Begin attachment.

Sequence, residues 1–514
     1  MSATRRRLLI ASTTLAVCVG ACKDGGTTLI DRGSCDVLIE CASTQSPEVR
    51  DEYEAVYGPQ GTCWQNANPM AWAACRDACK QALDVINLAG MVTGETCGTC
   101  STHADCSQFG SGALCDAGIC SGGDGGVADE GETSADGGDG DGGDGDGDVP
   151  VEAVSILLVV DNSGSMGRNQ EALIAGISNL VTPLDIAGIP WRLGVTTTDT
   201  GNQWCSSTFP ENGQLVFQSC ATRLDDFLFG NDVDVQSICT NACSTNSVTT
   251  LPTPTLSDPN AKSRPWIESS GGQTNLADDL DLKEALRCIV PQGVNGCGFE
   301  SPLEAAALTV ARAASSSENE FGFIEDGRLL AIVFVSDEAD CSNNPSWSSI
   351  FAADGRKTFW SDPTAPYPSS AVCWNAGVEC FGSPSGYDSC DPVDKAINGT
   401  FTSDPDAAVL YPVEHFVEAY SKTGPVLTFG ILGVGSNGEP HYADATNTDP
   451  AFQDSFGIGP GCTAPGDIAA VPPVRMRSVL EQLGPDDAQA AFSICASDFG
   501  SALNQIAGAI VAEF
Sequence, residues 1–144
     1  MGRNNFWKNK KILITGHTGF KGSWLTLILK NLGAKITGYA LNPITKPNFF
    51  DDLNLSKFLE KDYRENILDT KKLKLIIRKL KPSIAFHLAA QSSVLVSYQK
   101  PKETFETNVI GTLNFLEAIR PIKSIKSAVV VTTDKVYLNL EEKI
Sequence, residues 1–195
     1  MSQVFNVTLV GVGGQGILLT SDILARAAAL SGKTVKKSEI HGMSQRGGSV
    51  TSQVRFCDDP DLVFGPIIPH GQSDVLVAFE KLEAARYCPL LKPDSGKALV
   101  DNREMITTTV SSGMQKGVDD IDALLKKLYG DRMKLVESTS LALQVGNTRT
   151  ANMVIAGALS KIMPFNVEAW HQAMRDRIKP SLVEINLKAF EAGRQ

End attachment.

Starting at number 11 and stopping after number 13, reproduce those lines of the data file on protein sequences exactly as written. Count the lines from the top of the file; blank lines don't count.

   451  AFQDSFGIGP GCTAPGDIAA VPPVRMRSVL EQLGPDDAQA AFSICASDFG
   501  SALNQIAGAI VAEF
Sequence, residues 1–144